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Stroke is ascendant: is it time for TICI to be more than just a score?
  1. Joshua A Hirsch1,
  2. Guido J Falcone2,
  3. Allan L Brook3,
  4. David Fiorella4,
  5. R Gilberto Gonzalez5,
  6. Thabele M Leslie-Mazwi6
  1. 1Neuroendovascular Service, Massachusetts General Hospital, Harvard Medical School, Boston, Massachusetts, USA
  2. 2Division of Neurocritical Care and Emergency Neurology, Department of Neurology, Massachusetts General Hospital, Boston, Massachusetts, USA
  3. 3Interventional Neuroradiology, Albert Einstein College of Medicine, Montefiore Medical Center, Bronx, New York, USA
  4. 4Department of Neurosurgery, Cerebrovascular Center, Stony Brook University Medical Center, Stony Brook, New York, USA
  5. 5Division of Neuroradiology, Massachusetts General Hospital, Harvard Medical School, Boston, Massachusetts, USA
  6. 6Neuroendovascular Service, Neurologic Critical Care, Massachusetts General Hospital, Harvard Medical School, Boston, Massachusetts, USA
  1. Correspondence to Dr Joshua A Hirsch, Neuroendovascular Service, Massachusetts General Hospital, Harvard Medical School, Boston, MA 02114, USA; Hirsch{at}

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The neurointerventional (NI) endeavor is a field of marked contrasts. Complex intracranial aneurysms, disabling strokes, and a variety of other neurovascular diseases are successfully treated through minimally invasive means. The technical and geographic growth of the field has seen a similar maturation in academic support and its resultant data. In that vein, over these past few decades single-center case series have been replaced by larger multicenter observational cohorts and ultimately by randomized controlled trials (RCTs). One of the more marked and important contrasts in the NI field exists within these RCTs—not, as many might assume, conflicting results but, instead, the quality of the underlying studies.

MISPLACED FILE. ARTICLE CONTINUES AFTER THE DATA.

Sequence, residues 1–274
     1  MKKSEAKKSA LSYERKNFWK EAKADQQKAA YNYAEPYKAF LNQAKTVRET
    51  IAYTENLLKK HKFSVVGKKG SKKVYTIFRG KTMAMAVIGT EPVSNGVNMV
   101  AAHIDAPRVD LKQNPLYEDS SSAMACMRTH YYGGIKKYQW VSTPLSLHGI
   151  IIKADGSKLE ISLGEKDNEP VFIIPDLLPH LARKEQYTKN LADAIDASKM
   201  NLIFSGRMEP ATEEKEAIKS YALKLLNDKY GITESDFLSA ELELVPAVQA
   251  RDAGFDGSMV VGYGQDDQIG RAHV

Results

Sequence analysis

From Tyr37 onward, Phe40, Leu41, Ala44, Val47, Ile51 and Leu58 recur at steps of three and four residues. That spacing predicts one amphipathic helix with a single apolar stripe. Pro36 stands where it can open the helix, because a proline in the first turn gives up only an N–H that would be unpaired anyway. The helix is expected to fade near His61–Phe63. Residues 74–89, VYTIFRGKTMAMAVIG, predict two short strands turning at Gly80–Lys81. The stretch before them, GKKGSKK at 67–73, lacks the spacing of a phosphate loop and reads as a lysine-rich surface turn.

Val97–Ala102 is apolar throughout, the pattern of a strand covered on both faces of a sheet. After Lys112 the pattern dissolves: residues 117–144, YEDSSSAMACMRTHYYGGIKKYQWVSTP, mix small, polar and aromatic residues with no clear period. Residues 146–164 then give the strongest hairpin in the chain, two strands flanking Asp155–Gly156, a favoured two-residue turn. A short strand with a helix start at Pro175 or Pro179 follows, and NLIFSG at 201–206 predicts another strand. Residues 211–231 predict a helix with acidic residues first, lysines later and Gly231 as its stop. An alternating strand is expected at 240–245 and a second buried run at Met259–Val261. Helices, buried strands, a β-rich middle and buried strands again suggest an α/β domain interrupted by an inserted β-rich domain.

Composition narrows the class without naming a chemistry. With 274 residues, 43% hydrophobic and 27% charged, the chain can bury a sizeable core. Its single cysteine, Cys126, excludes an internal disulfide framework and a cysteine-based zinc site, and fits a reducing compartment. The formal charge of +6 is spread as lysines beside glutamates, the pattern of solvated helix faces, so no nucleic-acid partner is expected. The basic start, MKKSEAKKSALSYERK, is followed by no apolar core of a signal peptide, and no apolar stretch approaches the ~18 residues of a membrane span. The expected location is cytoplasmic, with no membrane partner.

The pages of JNIS have chronicled these studies and we will not review the particulars of them again here. However, as with other spaces in the medical field, we have our share of both high-quality1–3 and low-quality4 studies. Some trials that the NI community collectively viewed as subpar were able to secure publication in lead journals, speaking to great variability of not just studies but review and publication. Indeed, JNIS has featured an article on some of the challenges of peer review.5

Sheth and colleagues published a recent comment called ‘Watching but not waiting: vascular neurology perspective on the disparate regulatory pathway for stroke’ in JNIS.6 They made a number of important points that should prompt conversation in our circles. The paper started with a discussion of how vascular neurologists were paying close attention to the completion of the regulatory pathway of the Watchman device for non-valvular atrial fibrillation as a cause of ischemic stroke.7 The authors lament the lack of involvement of vascular neurologists in the design of the Watchman trial and its subsequent approval pathway. We support this perspective from our neurology colleagues.

Non-inferiority versus superiority trial design

Sheth et al go …

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  • Contributors All authors contributed to this manuscript.

  • Competing interests None declared.

  • Provenance and peer review Not commissioned; internally peer reviewed.